Until We Update Archaic Health Laws, We're Only Scratching the Surface of What's Possible in Value-Based Medicine

Posted by Christopher L. White, Esq. on July 12, 2017

Note: this blog post was originally published on LinkedIn Pulse on February 28, 2017.

Medical technology companies have long been recognized for their life-saving contributions to diagnosing and treating patients – from medical imaging to genetic testing to implantable devices. In fact, medical technology advances are credited with helping to add five years to the average U.S. life expectancy since 1980 and slashing the number of days spent in hospitals by 59 percent between 1980 and 2010. The newest medtech innovations are truly astounding, from the use of 3D printing of tissue to diagnostics linked to smartphones, to innovations in medical robotics and nanotechnology. 

Medical technology is already helping people lead longer, healthier lives. Now many medtech companies are looking at how they also can apply their expertise to promote value in the delivery of health care. Value based health care is transforming the health system by moving away from reimbursement based on the volume of health care services and towards rewarding better clinical outcomes, improved patient satisfaction, and lowered costs. 

The initial focus of value-based care models has been incentivizing providers -- especially hospitals and physicians -- to work together to deliver higher-quality health care in a more coordinated and efficient manner. Congress and the Centers for Medicare & Medicaid Services (CMS) have already incorporated such clinical and financial accountability into several Medicare provider reimbursement policies and innovative payment models.

As value-based medicine matures, however, the next generation of innovation in the delivery and management of health care services could actually be driven by medical technology companies. This means a change in viewing medtech companies as simply manufacturers or “vendors” of devices, with a narrow role in providing the medical tools to be used by health professionals. Instead, medtech companies can play a broader role in more effectively integrating technology and related services into all aspects of patient care.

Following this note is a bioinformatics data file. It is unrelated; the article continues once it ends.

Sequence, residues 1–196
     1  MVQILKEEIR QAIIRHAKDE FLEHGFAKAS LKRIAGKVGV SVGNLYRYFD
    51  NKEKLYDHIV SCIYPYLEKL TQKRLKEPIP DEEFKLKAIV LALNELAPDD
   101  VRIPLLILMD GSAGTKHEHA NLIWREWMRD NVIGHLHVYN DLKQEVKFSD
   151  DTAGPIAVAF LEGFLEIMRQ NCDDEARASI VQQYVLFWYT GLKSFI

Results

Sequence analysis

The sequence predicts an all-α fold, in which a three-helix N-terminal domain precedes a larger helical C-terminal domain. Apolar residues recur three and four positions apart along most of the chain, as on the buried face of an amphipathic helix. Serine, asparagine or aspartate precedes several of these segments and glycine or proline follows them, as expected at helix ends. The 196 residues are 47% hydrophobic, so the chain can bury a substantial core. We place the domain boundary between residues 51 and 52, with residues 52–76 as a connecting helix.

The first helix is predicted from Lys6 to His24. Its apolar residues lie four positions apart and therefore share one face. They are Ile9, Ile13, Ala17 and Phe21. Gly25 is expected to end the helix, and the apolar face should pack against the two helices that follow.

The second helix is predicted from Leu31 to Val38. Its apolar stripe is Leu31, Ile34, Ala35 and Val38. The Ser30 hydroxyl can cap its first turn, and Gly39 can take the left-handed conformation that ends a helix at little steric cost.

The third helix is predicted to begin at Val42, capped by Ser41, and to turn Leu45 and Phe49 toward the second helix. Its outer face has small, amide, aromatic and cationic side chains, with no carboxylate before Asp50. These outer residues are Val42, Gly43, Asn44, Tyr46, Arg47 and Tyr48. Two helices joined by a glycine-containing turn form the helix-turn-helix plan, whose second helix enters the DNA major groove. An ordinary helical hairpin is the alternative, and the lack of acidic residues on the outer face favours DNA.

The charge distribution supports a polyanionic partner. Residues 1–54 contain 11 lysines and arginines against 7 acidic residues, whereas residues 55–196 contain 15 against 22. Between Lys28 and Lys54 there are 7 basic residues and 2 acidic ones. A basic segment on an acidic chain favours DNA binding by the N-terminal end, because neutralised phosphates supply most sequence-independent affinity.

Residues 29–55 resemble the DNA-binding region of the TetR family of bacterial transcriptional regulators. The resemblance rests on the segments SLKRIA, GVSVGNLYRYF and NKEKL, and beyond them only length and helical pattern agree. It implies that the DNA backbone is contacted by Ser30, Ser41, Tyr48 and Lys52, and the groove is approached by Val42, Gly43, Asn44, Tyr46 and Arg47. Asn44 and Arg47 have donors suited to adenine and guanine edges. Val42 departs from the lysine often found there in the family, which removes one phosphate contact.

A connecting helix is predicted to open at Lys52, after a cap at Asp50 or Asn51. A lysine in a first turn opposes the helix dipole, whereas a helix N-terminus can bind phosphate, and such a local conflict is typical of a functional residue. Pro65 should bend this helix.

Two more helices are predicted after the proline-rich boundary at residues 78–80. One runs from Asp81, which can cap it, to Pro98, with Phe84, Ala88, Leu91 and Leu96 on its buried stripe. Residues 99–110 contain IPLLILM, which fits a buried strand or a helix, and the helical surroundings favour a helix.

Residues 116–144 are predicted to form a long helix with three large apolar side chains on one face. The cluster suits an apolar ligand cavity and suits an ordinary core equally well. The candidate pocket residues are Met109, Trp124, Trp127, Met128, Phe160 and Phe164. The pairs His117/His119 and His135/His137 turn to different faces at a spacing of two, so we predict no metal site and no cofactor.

What makes medtech companies so critical to promoting value in the health care continuum? There are a number of factors, but perhaps the most important is data. Medtech companies amass tremendous amounts of clinical and economic information on how to optimally incorporate their products into a patient’s medical treatment, including matching patients with the most promising therapies, developing clinical protocols to improve patient outcomes, and managing post-procedure care. Furthermore, medtech companies can couple this knowledge with the capacity to offer services such as information technology, data analytics, and supply chain management that can bring efficiency to health delivery. Such services can be extremely valuable to hospitals, many of which are struggling to actually implement value-based practices in their own health systems.